Sept. 23, 1999
PULLMAN, Wash. -- Jim Walden once said he would drive backwards from Spokane to see the Cougar football team play a game at Martin Stadium.
The Cougar faithful who make the drive every Saturday during the football season know this drive can be hard and long enough going forward, so what was Walden thinking?
Well, there is a slight twist on the story, but for the most part, Walden is just crazy about the Cougars.
Thirteen football seasons have passed since Walden patrolled the sidelines at Washington State as the head football coach. In 1978, he became the fourth coach in four years replacing Jim Sweeney (1975), Jackie Sherrill (1976) and Warren Powers (1977). He entered a program that lacked respect in the college football realm, and hadn't been to a bowl game since the 1931 Rose Bowl.
"When I came here I was the fourth coach in the last four years, and I took over a program that was one of the laughing stocks of my profession," Walden said. "I made a commitment that season to turn things around and I took on an attitude where no one was going to deny WSU the opportunity to succeed."
With a football background that included MVP honors of the Skyline Conference with the University of Wyoming in 1959, and a career that spanned four seasons in the Canadian Football League, success was something Walden always had to work for. Taking over the reigns at WSU was no exception, and succeed was exactly what Walden did.
He may not have taken a team to the Rose Bowl, although he came within one win of playing in Pasadena, and he never took the Cougars to the top of the Pac-10. What Walden did do was lay the groundwork for the Cougar football team you see on the field every Saturday.
"What a lot of Cougar football fans don't remember is that the big Pac-10 schools like UCLA, USC, and Washington would never come to Pullman because our stadium was too small. We always had to play up in Spokane (Joe Albi Stadium), and I just didn't like playing in Spokane," Walden said. "Playing on Saturday's in Martin Stadium creates a wonderful atmosphere and a great home-field advantage. I wanted to run through the tunnel at Martin Stadium and see our fans on our campus, rooting for our team."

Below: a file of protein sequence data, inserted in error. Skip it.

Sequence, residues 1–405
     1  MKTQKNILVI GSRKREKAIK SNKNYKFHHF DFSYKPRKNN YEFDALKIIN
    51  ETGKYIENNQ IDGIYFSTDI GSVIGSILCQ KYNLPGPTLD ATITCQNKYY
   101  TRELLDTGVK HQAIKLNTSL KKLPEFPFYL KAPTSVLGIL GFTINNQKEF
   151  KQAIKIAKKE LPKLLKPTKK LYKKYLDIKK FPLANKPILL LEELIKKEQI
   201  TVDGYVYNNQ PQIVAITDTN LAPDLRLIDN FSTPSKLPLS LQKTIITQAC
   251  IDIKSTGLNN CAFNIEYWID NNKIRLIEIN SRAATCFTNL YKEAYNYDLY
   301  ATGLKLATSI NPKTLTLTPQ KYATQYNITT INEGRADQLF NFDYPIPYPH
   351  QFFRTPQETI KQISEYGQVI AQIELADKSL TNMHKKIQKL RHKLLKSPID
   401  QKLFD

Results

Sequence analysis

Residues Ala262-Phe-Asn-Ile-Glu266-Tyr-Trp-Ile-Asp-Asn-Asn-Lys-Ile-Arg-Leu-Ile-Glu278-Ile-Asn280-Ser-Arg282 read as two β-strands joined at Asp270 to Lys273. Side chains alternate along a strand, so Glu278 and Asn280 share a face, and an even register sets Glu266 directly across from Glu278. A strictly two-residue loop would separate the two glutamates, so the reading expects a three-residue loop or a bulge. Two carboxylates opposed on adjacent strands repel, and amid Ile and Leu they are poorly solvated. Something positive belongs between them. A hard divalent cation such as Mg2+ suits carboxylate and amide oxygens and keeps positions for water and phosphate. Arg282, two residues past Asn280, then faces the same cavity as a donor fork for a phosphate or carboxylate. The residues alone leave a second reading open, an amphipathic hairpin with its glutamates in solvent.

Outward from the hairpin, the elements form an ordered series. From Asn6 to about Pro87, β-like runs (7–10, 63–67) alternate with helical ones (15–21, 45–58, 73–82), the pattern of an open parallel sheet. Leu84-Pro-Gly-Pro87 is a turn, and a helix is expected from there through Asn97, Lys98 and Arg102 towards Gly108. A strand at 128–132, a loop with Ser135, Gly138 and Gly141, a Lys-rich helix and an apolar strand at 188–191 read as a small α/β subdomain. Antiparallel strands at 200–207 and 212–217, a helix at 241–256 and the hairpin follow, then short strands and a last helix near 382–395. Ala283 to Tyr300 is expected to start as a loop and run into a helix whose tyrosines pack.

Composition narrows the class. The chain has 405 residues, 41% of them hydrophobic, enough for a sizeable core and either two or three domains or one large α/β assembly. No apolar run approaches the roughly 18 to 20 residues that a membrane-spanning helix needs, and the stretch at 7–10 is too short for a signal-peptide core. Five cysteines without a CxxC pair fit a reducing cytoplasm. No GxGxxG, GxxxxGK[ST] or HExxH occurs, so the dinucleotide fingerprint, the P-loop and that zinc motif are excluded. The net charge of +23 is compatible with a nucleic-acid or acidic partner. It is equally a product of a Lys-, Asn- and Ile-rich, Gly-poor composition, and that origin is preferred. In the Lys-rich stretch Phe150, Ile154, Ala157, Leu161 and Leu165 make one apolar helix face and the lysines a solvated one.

With that thought in mind, Walden became one of the driving forces, along with University President Glenn Terrell and Athletic Director Sam Jankovich, to begin the process of renovating Martin Stadium. The renovation expanded Martin Stadium's seating from 27,600 to 40,000, and in grand fashion the Cougs christened the enlarged stadium by welcoming UCLA back to the Palouse on Homecoming weekend in 1979, and beat the Bruins 17-13.
"If I am not remembered for anything else I did during my nine years as the head coach at WSU, I am proud that I had something to do with bringing people back to the Pullman campus to enjoy college football on Saturday's," Walden said.
In his tenure at WSU, Walden has a lot of great football memories, but none stick out more than beating USC in Pullman 34-14 in 1986, and the 1982 Apple Cup in which the Cougs inched by the Huskies 24-20 in front of a packed crowd at Martin Stadium.
"When we beat USC at home, that was something that hadn't been done in a while," Walden said of the defeat over the No. 9 Trojans, who had won 16 straight against the Cougars dating back to 1957.